|If Greeks work such long hours, then why are they so broke?|
But I digress. The sheer number of hours worked gives very little indication of worker productivity. First, they may be working a lot of hours doing grunt work that does not yield much in terms of economic output. That is, many Greeks may be stuck doing barely sophisticated manual labor. Second, when labor is not matched with adequate capital, then total factor productivity may suffer. Sure they work a lot, but again, they do not produce much without the aid of sophisticated machinery or computers.
This finding has prompted much griping in the Greek press that stereotypes about them are unjustified. Meanwhile, the Germans and Dutch allegedly do not deserve their reputation for being hard working people going by the numbers presented above:
Greeks are the hardest working people in Europe, since they work 2,037 hours per year, a[n] OECD study shows. The Organisation for Economic Co-operation and Development conducted a study to determine in which of the 38 OECD member-countries people work the most. Greece ranked third in the world, after Korea and Mexico, and first among European countries.The BBC has an earlier article explaining how these numbers are "artifactual" at best:
In Europe, the Dutch work the least hours per year (1380), followed closely by the Germans who work 1388 hours. Norway comes third with its people working 1408 hours every year, followed by the Danish who work 1411. Greeks are the hardest working Europeans (2,037 hours) followed by the Polish (1918 hours), the Hungarians (1883 hours) and the Estonians (1868).
The average Greek is working a full 40% longer than the average German. But there is more to these figures than meets the eye. There are two big reasons why these two countries have such different annual working hour totals.We should again return to the matter of productivity:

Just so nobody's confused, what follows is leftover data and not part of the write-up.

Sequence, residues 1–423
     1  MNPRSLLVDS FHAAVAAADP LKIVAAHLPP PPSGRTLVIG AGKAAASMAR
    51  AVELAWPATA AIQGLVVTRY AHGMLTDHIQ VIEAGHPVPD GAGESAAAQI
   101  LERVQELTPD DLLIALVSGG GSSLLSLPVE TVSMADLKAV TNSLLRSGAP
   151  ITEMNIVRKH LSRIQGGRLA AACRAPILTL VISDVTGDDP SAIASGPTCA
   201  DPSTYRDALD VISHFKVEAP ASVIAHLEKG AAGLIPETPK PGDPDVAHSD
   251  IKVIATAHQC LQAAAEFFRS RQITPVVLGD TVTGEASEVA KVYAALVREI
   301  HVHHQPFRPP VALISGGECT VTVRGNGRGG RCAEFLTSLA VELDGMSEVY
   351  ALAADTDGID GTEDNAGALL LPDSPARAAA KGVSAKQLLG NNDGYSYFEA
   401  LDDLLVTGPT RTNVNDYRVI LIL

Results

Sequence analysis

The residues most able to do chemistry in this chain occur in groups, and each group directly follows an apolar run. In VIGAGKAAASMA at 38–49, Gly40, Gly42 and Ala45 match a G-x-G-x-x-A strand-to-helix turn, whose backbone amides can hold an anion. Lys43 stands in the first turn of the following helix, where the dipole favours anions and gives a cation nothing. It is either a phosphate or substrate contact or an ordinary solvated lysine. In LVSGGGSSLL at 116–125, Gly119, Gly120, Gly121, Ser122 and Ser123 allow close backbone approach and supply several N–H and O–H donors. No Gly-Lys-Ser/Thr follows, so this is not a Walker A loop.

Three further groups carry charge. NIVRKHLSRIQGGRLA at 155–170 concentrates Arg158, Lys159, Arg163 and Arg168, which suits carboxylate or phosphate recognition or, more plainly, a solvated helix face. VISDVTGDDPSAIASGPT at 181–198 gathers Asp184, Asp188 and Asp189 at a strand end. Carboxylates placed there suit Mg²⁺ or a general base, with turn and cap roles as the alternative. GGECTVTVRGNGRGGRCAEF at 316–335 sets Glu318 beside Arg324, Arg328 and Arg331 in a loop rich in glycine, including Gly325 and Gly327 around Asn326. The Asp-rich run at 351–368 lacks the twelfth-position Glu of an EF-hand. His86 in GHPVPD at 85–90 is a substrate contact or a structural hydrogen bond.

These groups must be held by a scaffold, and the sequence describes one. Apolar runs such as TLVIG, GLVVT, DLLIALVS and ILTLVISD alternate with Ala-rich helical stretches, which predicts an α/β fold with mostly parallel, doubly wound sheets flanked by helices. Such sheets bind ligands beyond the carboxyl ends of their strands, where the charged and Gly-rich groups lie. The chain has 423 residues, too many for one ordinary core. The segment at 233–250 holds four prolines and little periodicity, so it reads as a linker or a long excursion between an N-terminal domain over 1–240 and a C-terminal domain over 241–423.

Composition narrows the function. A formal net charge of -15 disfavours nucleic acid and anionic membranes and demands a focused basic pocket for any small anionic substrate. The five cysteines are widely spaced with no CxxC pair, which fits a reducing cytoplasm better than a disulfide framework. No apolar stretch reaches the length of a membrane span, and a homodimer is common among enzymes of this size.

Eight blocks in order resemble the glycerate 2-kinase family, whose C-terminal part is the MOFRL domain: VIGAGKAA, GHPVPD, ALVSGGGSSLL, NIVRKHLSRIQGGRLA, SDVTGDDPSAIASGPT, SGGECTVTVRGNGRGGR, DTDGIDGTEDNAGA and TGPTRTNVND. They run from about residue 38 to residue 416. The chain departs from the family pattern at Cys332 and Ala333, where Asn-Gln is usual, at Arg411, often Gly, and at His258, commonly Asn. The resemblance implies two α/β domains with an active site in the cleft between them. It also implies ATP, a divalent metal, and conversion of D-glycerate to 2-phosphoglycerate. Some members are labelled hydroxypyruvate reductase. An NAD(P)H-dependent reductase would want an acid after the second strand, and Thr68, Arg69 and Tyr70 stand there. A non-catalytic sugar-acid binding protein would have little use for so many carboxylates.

Pascal Marianna, who is a labour markets statistician at the OECD says: "The Greek labour market is composed of a large number of people who are self-employed, meaning farmers and - on the other hand - shop-keepers who are working long hours." Self-employed workers tend to work more than those who have specified hours in an employment contract.
The second reason Mr Marianna points to is the different number of part-time workers in each country. "In Germany, the share of employees working part-time is quite high. This represents something like one in four," he says. As these annual hours figures are for all workers, the large proportion who work part-time in Germany is bringing down the overall average. In Greece, far fewer people work part-time.
Why is it then that it's Greece that needs to be bailed out, and not Germany? That's a complicated question. But you get part way to answering it by doing another simple sum. Take gross domestic product (GDP) - that's the country's entire production - and divide it by the number of workers.As with South Korea--another country even more famous for its long work hours (and low productivity)--you have to consider what people actually do on the job more than how many hours they claim to be on the job. As if we needed more proof that it's better to work "smart" than work "hard." Pencil-pushing and sticking around the office just for the sake of doing so may impress others, but productivity statistics eventually show up such needless demonstrations of earnestness.
On this basis, the average German worker is more productive than the average Greek. Germany ranks as the eighth most productive country by worker out of the OECD countries - or the seventh out of the European countries - while Greece comes in at 24th. Mr Marianna says this is mainly because Germany has a very efficient manufacturing sector. And while a smaller proportion of Germans work in agriculture, here too they are more efficient - partly because "technology is more widespread", he says.